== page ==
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Current Research & Methods

Funded by grants from the National Institute of Aging, research in the lab currently focuses primarily on two major projects: a study of emotion and normative aging, and a study of the impact of neurodegenerative diseases on emotional functioning.


    Dementia, particularly frontotemporal dementia, can lead to impairments in social and emotional functioning; such changes are often misunderstood and accurate diagnosis can be difficult, particularly in the early stages of the illness. Using a wide array of dynamic stimuli, we apply a fine-grained socioemotional assessment to identify domains of loss and preservation in frontotemporal dementia and related illnesses, such as Alzheimer's disease. Measures include behavioral, autonomic, and experiential indicators, during tasks that cover a spectrum of functioning, from basic emotional reactivity, to empathy and emotion regulation, to complex social interactions. In addition, we examine relationships between these lab-based measures and biological markers. Through this multi-method, interdisciplinary work that spans psychology, neurology, and affective neuroscience, we aim to contribute to improvements in clinical diagnosis and care, as well as to basic understanding of socioemotional functioning and aging.

    Caring for a loved one with dementia is a meaningful part of family life, but can also create a significant burden for caregivers. Dementia caregivers are at a heightened risk for physical and psychological problems. Thus, using the same measures mentioned above, we have begun a new project to study the role that emotion plays in understanding the relationships among patient deficits, caregiver burden, and caregiver health in caregiver spouses of patients with neurodegenerative disease. With this work, we hope to a) determine how specific patient deficits influence caregiver burden and the emotional quality of the caregiver-patient relationship; b) understand how the emotional quality of the caregiver-patient relationship links caregiver burden with caregiver health problems; and c) understand how caregivers' level of emotional functioning and genetic polymorphisms influence their vulnerability and resilience to caregiver burden and the associated health problems.

    Being able to understand and respond to other people's mental and affective states is a critical part of what makes us human. Researchers have noted that different theoretical perspectives offer different predictions for age differences in the multidimensional construct of empathy. While neuropsychological perspectives generally predict age-related decline in the ability to process the emotions of others, socioemotional perspectives predict that certain aspects of empathy should be well preserved, and may even improve, in normal adult aging. Using a cross-sectional sample of young, middle-aged, and older adults, the present study examines whether these two perspectives may be applied to predict different patterns of age differences in empathy-related processes (as measured by subjective, behavioral, and physiological indices). Data collection is complete and analyses ongoing.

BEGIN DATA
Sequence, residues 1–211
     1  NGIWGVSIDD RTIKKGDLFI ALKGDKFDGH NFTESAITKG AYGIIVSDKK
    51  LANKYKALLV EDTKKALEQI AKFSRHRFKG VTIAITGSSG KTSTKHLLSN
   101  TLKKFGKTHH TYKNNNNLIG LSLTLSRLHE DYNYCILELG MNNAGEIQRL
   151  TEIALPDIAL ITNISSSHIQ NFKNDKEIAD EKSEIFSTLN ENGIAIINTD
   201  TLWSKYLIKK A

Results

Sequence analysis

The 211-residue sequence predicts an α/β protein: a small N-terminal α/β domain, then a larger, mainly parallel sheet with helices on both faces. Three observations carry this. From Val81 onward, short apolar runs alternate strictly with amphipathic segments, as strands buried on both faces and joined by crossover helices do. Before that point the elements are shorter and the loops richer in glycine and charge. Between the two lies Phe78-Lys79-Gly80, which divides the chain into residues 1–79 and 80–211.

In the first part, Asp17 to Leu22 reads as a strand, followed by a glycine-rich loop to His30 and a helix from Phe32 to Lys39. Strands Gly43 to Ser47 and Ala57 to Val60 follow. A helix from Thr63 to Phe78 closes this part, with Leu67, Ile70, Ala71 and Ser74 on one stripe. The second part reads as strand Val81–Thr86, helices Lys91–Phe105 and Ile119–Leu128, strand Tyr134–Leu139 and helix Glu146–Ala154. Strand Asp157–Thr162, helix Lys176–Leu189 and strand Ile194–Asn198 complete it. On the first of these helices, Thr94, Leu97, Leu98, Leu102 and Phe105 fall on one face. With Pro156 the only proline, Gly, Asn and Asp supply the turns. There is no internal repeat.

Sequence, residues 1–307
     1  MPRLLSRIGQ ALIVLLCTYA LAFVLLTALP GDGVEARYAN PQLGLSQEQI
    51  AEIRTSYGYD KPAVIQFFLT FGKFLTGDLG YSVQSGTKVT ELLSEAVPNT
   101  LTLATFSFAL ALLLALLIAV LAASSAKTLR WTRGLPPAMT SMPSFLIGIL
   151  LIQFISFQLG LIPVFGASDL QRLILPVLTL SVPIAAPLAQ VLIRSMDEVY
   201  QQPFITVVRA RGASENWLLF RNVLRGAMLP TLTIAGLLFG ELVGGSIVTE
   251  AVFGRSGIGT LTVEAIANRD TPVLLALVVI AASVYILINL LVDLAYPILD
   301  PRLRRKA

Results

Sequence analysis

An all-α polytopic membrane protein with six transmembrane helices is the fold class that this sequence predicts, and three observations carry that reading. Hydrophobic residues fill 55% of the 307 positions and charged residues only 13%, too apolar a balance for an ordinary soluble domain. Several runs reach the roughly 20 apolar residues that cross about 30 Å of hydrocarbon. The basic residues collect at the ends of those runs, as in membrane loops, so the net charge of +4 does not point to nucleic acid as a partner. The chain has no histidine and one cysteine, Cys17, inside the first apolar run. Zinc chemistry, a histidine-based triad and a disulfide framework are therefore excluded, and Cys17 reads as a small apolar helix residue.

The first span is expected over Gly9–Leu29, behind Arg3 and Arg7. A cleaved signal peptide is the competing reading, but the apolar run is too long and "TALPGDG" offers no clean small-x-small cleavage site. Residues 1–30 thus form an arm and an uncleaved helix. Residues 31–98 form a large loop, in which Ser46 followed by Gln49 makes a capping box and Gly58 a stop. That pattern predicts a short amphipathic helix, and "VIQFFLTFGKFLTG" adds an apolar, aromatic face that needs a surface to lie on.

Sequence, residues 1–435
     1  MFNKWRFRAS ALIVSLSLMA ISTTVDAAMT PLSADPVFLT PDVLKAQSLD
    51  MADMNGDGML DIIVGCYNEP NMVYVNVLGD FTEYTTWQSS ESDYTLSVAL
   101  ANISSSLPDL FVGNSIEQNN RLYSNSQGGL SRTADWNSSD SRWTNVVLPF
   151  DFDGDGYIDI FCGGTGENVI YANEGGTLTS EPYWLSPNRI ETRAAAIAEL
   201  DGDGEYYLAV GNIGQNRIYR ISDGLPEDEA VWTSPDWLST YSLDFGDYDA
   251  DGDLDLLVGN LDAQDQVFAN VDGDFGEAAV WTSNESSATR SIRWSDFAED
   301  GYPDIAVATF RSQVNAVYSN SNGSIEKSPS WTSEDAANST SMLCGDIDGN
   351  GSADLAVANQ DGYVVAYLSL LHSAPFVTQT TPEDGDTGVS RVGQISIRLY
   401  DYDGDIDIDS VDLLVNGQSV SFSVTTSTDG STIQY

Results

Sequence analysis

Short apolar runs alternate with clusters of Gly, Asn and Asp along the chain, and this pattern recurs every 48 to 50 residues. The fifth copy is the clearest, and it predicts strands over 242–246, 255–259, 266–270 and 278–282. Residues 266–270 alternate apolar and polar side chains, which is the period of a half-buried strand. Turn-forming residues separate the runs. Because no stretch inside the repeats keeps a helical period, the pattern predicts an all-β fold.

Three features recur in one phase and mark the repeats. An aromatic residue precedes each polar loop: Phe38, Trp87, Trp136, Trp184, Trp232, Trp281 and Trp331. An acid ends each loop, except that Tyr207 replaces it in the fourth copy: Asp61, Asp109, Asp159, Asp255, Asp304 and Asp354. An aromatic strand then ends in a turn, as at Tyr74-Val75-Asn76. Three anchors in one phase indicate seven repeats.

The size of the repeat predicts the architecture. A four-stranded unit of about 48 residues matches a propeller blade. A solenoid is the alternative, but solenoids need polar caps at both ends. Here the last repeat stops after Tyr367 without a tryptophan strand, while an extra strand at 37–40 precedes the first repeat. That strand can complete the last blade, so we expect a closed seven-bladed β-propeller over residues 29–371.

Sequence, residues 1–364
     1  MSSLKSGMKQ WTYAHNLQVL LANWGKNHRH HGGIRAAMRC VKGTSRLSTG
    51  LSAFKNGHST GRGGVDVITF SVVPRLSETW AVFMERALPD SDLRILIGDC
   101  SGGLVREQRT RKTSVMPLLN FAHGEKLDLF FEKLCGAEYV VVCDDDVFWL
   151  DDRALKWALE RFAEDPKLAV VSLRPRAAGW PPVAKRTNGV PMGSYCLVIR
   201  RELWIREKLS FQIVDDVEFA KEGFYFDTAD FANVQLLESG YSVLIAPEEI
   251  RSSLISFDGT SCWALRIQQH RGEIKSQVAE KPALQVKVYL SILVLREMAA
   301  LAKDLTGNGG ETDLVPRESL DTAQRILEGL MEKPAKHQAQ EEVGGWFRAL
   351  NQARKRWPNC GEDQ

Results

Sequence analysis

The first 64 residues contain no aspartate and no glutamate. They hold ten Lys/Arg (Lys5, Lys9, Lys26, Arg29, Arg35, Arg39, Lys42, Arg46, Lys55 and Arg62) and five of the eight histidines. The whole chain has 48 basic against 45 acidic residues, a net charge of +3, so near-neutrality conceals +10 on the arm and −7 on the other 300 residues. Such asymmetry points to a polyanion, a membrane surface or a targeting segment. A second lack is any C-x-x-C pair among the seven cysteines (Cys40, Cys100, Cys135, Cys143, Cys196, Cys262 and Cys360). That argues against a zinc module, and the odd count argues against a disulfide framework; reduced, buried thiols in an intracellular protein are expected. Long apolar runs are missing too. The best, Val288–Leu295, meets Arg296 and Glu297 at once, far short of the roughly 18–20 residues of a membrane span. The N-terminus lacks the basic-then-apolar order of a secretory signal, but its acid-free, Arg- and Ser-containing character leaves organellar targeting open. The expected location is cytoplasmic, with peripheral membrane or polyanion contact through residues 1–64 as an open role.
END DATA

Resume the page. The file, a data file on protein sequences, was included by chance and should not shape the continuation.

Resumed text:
The centerpiece of this research has been an ongoing longitudinal study of a large sample of long-term first marriages in middle and old age. This work uses an observational methodology in which couples come to the laboratory and engage in naturalistic discussions about important topics related to their relationship. These interactions are studied to determine if there are signs in emotional experience, behavior, language, and physiology that can be used to discriminate between the interactions of couples who are satisfied and dissatisfied with their relationships, to discriminate between couples at different stages of the life span, and to predict what will happen to the level of couples' relationship satisfaction over time.
    The other focus of this work is to learn about normative changes in emotion that occur with age. Here, emotional reactivity, emotional regulation, and emotional knowledge/understanding are assessed in the laboratory in participants at different ages (cross-sectionally and longitudinally) to determine how human emotions change as we age. Unlike many other aspects of human functioning which show pronounced declines with age (e.g., memory, psychomotor skills), certain aspects of emotional functioning appear to be relatively spared as we age, and some even show signs of continuing improvement and positive development in late life. Data collection is complete; analyses are ongoing.

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Our Measures

The Berkeley Psychophysiology Lab utilizes a multi-method approach to understanding emotion. We collect the following types of data:

Physiological responding is assessed by placing sensors on participants. These sensors monitor normal physiological signals such as heart rate, sweat, breathing, and skin temperature.


With the consent of participants, trained coders use videotapes to code emotional facial expressions (such as anger, sadness, amusement, and surprise). For some tasks, participants' eye movements are also measured. This allows us to understand what people find most salient when viewing photos and films.


All participants are often asked to describe how they feel during our tasks. Participants are sometimes also asked to describe themselves and their life experiences.


For a few tasks, we also use a device that tracks participants’ eye movements. This is done to determine what people are attending to during our tasks.